Invest in Yourself at the Low End and High End

skills1

Suppose you categorize your existing skills and knowledge into three buckets: low, medium, and high. There are things you have no expertise in or knowledge of (low), there are things you know a little bit (medium), and there are things you are already quite good at or knowledgeable of (high).

If you want to invest in yourself, where should you focus your time? At the low end, medium end, or high end of your existing abilities and knowledge?

Let’s consider the impact of improving yourself in each scenario.

Going from Illiterate to Literate: You do not know how to surf, but then you become an elementary surfer after 20 hours of effort. You know nothing about Islam, but then you become literate with the basic names and facts. You’re totally lost when you hear the word “Twitter,” but then you have a basic understanding of Twitter’s role in the social media ecosystem.

When your understanding of X goes from nothing to something — when your understanding crosses a minimal threshold — that knowledge or skill area becomes associative. Humans are creative by being able to see the associations between what we know and between the memories we hold. When you know a topic just well enough, you can come up with metaphors related to the idea. (And metaphors are the best transportation for ideas). For example, I’m not at all an expert in Italian politics, but I know enough about the country’s past and present political situation to know that volatility is the norm, and so I can credibly refer to Italy when discussing another topic I know a little, which is volatility and risk more generally.

It can be transformative to go from knowing nothing and to knowing a little. Sure, it’s hard to get started. As Josh Kaufman notes in his forthcoming book The First 20 Hours, you feel foolish or lost in the early hours of any new pursuit. But it’s critical to undertake. For me in this category, I’m considering investing in my knowledge of corporate finance, basic European history, and certain kinds of dancing, to offer just three examples.

Going from Literate to Good: It’s safer and easier to get slightly better at something you’re already good at. For example, I’m a decent chess player. I could spend a bunch of time and become slightly better, but it would take a long time to get to great. I’m already good enough that I can connect my knowledge of chess to other parts of my life; I use chess as a metaphor for other things. So short term improvement isn’t as exciting.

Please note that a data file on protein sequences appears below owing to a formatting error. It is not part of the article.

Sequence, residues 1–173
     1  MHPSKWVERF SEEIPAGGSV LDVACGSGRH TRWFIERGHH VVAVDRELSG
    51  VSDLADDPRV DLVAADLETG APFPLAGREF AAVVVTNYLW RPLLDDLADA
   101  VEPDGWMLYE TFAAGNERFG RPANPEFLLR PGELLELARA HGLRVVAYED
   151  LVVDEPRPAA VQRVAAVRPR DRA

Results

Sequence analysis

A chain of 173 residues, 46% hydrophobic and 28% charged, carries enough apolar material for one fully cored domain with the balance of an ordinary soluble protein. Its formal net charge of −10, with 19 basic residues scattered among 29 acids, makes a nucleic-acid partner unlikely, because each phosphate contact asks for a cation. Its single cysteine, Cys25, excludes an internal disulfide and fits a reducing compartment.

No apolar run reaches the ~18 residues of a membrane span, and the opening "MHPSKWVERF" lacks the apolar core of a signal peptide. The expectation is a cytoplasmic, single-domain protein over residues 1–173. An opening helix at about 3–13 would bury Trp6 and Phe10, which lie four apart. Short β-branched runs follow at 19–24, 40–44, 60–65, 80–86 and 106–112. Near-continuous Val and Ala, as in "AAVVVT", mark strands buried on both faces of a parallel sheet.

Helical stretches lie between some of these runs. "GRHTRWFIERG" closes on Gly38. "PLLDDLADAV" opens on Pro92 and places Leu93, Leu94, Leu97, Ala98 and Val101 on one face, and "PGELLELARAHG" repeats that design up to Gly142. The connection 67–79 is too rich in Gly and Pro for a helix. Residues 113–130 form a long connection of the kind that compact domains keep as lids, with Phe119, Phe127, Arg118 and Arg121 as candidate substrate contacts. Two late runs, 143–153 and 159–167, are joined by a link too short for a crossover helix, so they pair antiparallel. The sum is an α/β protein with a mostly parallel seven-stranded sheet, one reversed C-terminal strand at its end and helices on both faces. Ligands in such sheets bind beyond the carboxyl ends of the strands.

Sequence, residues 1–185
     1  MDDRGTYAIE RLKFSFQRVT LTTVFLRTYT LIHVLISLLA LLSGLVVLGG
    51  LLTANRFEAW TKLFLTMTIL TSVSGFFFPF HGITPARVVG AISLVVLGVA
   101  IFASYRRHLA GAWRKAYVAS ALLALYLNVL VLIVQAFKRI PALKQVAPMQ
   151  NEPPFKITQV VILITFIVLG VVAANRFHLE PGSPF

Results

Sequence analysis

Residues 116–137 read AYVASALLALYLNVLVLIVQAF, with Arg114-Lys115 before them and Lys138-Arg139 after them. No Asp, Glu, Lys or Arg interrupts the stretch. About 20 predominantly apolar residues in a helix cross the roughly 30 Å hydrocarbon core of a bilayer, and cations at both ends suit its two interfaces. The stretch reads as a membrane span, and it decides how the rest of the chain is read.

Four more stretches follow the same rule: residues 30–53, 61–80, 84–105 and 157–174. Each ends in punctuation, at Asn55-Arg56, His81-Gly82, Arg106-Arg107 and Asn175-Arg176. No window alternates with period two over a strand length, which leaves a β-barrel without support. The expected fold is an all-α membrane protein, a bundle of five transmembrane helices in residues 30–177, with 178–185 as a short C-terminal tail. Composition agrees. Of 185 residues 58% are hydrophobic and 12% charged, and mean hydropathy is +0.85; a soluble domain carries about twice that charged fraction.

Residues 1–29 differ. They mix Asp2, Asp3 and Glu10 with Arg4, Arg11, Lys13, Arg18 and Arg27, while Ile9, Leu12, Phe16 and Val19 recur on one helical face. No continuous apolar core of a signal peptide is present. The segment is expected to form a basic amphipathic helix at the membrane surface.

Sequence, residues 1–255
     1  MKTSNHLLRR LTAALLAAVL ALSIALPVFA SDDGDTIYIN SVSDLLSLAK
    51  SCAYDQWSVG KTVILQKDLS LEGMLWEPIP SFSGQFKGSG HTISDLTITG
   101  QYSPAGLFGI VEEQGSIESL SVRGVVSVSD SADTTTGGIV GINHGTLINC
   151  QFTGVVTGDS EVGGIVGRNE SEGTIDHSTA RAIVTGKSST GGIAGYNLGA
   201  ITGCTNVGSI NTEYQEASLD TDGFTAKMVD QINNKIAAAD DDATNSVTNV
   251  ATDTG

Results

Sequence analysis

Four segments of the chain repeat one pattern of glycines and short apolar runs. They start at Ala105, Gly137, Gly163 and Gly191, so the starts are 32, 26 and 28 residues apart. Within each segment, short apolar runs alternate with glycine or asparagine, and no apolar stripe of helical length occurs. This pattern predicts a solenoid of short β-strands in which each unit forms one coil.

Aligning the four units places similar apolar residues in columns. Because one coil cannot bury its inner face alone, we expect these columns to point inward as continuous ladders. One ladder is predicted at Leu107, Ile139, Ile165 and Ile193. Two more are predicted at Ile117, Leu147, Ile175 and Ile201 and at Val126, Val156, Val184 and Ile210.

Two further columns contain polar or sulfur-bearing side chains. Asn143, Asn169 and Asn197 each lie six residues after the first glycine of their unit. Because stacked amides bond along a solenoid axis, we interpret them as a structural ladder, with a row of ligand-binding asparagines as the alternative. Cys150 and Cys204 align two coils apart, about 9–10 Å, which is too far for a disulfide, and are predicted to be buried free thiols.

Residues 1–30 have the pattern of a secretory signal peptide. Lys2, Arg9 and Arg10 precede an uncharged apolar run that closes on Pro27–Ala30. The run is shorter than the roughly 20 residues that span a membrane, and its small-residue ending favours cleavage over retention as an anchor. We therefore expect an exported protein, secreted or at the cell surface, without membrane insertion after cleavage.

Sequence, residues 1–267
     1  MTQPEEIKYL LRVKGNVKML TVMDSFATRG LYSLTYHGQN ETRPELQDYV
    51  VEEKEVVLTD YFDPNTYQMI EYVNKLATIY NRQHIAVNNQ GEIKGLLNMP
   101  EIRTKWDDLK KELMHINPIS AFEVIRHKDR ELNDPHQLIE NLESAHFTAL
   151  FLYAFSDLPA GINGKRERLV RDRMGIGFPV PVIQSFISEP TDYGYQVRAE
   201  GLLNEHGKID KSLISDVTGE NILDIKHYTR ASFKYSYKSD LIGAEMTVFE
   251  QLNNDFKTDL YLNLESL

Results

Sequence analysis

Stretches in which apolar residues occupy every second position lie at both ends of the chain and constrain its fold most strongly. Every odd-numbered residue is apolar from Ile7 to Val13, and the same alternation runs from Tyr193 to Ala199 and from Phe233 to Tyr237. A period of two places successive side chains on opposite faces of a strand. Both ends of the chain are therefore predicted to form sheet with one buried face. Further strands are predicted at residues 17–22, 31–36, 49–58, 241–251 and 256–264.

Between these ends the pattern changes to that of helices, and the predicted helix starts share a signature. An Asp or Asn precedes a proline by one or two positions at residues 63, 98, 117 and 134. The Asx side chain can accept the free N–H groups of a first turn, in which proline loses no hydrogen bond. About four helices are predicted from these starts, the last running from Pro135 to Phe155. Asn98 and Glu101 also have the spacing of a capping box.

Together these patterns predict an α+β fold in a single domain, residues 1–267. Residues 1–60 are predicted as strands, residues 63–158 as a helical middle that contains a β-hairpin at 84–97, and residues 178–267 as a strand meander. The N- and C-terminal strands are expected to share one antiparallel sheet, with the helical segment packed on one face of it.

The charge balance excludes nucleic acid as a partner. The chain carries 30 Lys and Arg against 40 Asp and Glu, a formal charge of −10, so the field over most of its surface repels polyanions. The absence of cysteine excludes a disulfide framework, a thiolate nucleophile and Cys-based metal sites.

Going from Good to Great: Getting better at things you’re already good at is a popular business idea thanks to thinkers like Marcus Buckingham who preach the importance of building on “strengths.” But it’s an unintuitive idea for many people. In school, you’re told to focus on shoring up weaknesses. Parents and teachers pay special attention to the C’s and B’s on the report card, not A’s. This attitude sticks. So if you can switch to the strengths religion in adulthood, you’re ahead of many. Building on natural or existing strengths puts you on the fast track to craftsmanship. Craftsmanship that involves rare and valuable skills is the stuff of remarkable careers. For me, example existing strengths or deep knowledge areas include communication, online media, Spanish, networks. I’m excited by the prospect of going from 95% proficient to 99% proficient in a few key areas.

Bottom Line: It’s valuable to be world class or an expert in something the market desires. It’s valuable to be informed just enough in something to see the connections across disparate fields or experiences. But it’s not especially valuable to be pretty good but not great at something, or reasonably familiar but not a domain expert in a knowledge area. Thus: invest in yourself at the low end and the high end of your existing skill set and knowledge base.

14 Responses to Invest in Yourself at the Low End and High End

  1. Carl says:

    “But it’s not especially valuable to be pretty good but not great at something, or reasonably familiar but not a domain expert in a knowledge area.”

    I agree with this part of your conclusion, but feel like you should add the caveat that in order to cross the treshhold from good to great, you first need to get from literate to good. As such, one shouldn’t neglect compounding upon skills they’re only mediocre at if they are eventually interested in deepening it to becoming a highly developed skill.

    “For me, example existing strengths or deep knowledge areas include communication, online media, Spanish, networks.”

    I’d be curious to hear more about your existing strengths in (a) communication and (b) networks. What do you mean when you say you are skilled at communicating? What tasks do you have in mind?